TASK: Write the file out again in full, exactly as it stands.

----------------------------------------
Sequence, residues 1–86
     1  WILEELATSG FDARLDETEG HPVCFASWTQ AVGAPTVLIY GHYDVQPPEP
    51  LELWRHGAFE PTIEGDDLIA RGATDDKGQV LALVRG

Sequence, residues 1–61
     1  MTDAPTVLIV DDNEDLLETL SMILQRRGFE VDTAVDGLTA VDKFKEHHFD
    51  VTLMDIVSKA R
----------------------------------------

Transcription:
Sequence, residues 1–86
     1  WILEELATSG FDARLDETEG HPVCFASWTQ AVGAPTVLIY GHYDVQPPEP
    51  LELWRHGAFE PTIEGDDLIA RGATDDKGQV LALVRG

Sequence, residues 1–61
     1  MTDAPTVLIV DDNEDLLETL SMILQRRGFE VDTAVDGLTA VDKFKEHHFD
    51  VTLMDIVSKA R